The Culture of Innovation

The San Francisco Bay Area is famous for its long history of leadership in computing, semi- conductors, software, biotechnology, the Internet and other innovation-based industries. But what makes it unique, beyond its talent base and access to capital? What exactly is the often celebrated “West Coast culture of innovation”?

The relationship between the overall environment of the Bay Area and the companies that have been launched and thrive in the region is highly symbiotic. Large numbers of entrepreneurs are attracted to the region for its intellectual and financial resources. Venture capital firms play an important role to support those innovative entrepreneurs. As entrepreneurs start and build their companies, enormous positive network effects from venture capitals come into play, and providing them with a constantly refreshed pool of ideas and talent.

Venture capital is on of the distinctive elements of the Bay Area’s success, and industry that was created in the Bay Area and continues to thrive here. The amount of venture capital money invested from year to year may vary, but the Bay Area captures between 35% and 40% of U.S. venture capital funding investment. At certain times and in particular industries, that percentage can be much higher, especially in technology sector. Venture funding, as well as the funding of very young companies by angel investors, has fueled much of the technology commercialization in the region and many of its most successful companies. As a result, the Bay Area is home to the world’s largest assembly of information technology, biotechnology, Internet, digital entertainment, and cleantech firms.

As for the other organizational culture for venture capitals except innovation, I feel like venture capital is more like an individual sport while startups are a team sport. There is strong connection between venture capital and startups, so it’s impossible to talk about venture capital without startups. As a venture capital, we always have a group of partners who have different focus areas of excellence, each pursues deals in their respective field, each makes investments and sits on boards and each spends their most difficult hours tackling problems at portfolio companies verses solving the challenges at the venture capital itself. In venture capital world, people are highly connected, therefore, maintaining a strong business networking is also an important factor for venture capital. To become a successful venture capital, good networking with the existing entrepreneurs and businessmen always counts. As some businessmen have stayed in the industry for a long period of time, they can tell us which businesses or startups are worth investing on. The knowledge and industry expertise from those connections will help us make good investments that turn profitable.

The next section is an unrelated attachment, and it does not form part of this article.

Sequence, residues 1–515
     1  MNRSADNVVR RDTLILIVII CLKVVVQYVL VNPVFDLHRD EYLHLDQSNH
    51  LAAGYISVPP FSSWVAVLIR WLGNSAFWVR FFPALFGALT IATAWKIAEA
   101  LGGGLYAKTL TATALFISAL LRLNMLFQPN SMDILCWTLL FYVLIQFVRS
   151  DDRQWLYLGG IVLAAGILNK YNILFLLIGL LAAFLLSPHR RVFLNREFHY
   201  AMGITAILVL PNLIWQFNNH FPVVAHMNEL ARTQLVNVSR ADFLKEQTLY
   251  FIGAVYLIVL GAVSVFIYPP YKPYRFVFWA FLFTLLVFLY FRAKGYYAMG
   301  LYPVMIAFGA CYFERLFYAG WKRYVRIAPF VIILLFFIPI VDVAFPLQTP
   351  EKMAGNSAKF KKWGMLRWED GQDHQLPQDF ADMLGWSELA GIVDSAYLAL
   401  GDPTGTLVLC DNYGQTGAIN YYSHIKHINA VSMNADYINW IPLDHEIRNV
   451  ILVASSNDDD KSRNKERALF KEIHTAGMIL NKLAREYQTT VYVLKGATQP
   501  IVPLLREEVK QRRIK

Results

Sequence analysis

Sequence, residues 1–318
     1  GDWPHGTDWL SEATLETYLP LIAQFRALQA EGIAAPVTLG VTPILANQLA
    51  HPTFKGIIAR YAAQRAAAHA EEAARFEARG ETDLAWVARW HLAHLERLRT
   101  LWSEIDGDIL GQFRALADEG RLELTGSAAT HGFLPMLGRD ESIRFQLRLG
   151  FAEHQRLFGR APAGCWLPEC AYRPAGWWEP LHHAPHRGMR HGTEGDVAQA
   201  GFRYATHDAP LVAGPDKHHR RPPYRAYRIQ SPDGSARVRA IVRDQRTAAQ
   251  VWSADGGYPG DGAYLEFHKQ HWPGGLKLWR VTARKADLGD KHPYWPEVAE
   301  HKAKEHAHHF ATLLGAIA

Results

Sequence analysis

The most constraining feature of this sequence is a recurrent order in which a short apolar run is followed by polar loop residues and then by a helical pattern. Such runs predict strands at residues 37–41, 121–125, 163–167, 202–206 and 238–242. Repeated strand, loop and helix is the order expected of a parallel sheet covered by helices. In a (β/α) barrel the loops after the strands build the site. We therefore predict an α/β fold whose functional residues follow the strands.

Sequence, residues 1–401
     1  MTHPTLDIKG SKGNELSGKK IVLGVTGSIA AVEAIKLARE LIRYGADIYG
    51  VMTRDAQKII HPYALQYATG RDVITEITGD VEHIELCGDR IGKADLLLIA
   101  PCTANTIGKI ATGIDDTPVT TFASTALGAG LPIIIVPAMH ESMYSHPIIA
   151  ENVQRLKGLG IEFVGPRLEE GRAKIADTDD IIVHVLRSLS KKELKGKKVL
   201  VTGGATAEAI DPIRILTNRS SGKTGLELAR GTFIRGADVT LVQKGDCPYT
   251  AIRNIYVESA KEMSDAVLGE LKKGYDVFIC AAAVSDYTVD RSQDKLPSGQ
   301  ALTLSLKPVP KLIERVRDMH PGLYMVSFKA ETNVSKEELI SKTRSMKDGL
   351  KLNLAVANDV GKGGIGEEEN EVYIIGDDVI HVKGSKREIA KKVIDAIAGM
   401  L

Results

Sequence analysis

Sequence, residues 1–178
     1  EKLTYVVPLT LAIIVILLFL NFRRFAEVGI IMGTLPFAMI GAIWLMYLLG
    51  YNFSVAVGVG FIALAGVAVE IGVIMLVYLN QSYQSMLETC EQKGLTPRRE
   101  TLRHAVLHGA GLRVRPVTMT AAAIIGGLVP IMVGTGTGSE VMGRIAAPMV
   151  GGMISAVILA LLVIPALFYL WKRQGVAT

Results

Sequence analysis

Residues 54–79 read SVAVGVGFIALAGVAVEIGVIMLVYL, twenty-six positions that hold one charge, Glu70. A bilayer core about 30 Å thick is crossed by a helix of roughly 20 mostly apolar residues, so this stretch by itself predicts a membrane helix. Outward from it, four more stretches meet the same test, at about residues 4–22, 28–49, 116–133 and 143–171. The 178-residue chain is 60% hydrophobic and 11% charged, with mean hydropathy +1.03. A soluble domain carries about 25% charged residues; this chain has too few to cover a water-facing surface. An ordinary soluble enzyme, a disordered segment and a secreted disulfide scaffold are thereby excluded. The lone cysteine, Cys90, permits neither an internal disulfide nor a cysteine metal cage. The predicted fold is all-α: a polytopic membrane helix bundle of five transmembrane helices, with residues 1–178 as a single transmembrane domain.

The interrelated combination of factors that have driven the success of the Bay Area business environment – research, talent, investment, and openness to new ideas – are notoriously hard to replicate. Yet there is much to learn from the strategies, cultures, and practices of the companies located in the Bay Area—both for executives at other firms looking to boost their own innovation efforts and for leaders in other region hoping to jumpstart new paths to economic development and faster growth.

The larger economic lesson to be learned from the success of the Bay Area experience is that the ability to innovate is a competitive advantage not just for tech companies but for the entire business sectors. Just as we have seen in my business sector venture capitals, it stems from a culture that values openness to new ideas, and a networked environment in which ideas and people can flow back and forth, interacting fluidly.